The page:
So the target of Fort Dix is not just random, doesn't appear to be just random. "Serb immigrants' web sites noted that US officials carefully avoided identifying the four ethnic Albanians as such, calling them only 'Islamic militants from former Yugoslavia.' A commentator on the SerbBlog said that Washington, which backs independence for Kosovo, is embarrassed by the discovery of the Fort Dix plot, 'because the truth might mess up the PR for Kosovo Albanians getting to rip off a piece of Serbia to create their own country - a move that has the full support of the US State Department.'" That's one story. The bottom line of this story from this terrorism expert in the Balkans, Darko Trifunovic, is that there is an existence of "white Al-Qaeda" to fool everybody here. They do not look like Arabs, but they're being trained to hate and plan and execute terrorist attacks.

Now, a couple more things -- and I just saw this about 30 seconds before the break ended, and I haven't had a chance to peruse all of it. This first is from… Where is this from? I need to be able to quote a source for this stuff, and I can't, which is the danger of this stuff coming in during the show., June 7th of 1999. Here we go, "Insight on the News." This stuff is so tiny I can barely read it.

"Insight on the News June 7, 1999 -- The [Clinton] White House ordered the quick evacuation of 20,000 Kosovar refugees that the United States pledged to take, shortcutting normal procedures and background checks. ... In the burgeoning refugee 'village' at Fort Dix, N.J. -- where as many as 3,000 of the 20,000 ethnic Albanians the United States will take in are being housed pending settlement -- there are many such tales, heartrending but unverifiable, to be sure." This is about separating from families and all of that. So this just confirms the early story that we had that Islamic refugees, Kosovar refugees were brought in by the Clinton administration and settled at Fort Dix. "Meanwhile, officials from the Centers for Disease Control and Prevention, U.S. Public Health Service and U.S. Immigration and Naturalization Service were busy conducting the medical screenings and criminal-background checks normally completed before a refugee can set foot on U.S. soil -- but which were deferred in this case because of what some government officials saw as emergency circumstances. The change in procedures was called 'completely atypical' by a government official and 'highly unusual' by the head of a major relief organization."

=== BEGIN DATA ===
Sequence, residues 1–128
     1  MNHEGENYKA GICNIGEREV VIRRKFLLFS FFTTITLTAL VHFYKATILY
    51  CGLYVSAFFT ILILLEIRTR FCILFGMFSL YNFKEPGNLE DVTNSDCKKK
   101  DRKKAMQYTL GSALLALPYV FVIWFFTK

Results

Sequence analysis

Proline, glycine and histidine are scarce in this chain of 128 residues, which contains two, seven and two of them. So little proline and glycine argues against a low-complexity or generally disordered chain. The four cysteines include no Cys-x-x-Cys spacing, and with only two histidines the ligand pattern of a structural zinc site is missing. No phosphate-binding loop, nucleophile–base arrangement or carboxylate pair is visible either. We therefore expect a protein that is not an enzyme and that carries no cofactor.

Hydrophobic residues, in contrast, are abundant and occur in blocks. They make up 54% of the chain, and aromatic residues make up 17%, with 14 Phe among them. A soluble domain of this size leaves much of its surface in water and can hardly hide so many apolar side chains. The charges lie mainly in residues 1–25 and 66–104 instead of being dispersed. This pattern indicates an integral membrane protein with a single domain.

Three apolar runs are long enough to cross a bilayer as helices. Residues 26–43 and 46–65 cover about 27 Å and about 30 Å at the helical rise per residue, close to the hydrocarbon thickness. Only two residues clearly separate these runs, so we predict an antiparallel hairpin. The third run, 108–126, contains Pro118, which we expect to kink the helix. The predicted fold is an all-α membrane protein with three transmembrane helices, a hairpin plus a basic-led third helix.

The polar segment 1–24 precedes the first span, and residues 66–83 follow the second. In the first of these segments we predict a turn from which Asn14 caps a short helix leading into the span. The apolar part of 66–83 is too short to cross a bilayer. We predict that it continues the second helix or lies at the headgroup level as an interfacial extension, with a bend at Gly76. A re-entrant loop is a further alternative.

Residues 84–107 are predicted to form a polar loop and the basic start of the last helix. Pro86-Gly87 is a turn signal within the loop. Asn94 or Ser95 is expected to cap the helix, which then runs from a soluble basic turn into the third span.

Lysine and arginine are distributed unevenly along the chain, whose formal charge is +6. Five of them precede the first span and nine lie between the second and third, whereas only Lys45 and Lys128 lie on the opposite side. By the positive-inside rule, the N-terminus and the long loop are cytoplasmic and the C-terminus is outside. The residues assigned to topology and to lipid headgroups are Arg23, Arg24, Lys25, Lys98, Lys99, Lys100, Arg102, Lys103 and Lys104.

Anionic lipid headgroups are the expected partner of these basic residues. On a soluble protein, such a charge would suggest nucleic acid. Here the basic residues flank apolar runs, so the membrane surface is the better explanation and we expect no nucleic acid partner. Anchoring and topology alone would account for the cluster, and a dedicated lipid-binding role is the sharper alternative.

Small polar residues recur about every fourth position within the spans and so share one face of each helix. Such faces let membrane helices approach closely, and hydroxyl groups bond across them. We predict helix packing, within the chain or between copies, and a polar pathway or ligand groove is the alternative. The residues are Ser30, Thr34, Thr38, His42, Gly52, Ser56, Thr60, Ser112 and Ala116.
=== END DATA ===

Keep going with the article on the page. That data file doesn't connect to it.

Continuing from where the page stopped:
Let me translate that for you. We bring in all these refugees from Kosovo, and we didn't screen them for disease or backgrounds, criminal backgrounds or anything else. We did that after they were here. This is 1999. This is the summer of 1999, and the Clinton administration deferred all of this. They eventually got around to doing all these checks and so forth, but after they were here. Let's see. Of the concerns, "The first was an administration worry that the flood of Kosovo refugees was overwhelming some neighboring nations and might prove destabilizing to others, particularly Macedonia. A second was a concern that the overcrowded camps presented a growing health risk to refugees." This is back in Kosovo. "And finally, at least one top congressional aide says a contributing factor also may have been a sense among officials 'that we helped create this mess and we better help to do something about it,'" meaning our Kosovo war with NATO and so forth and so on.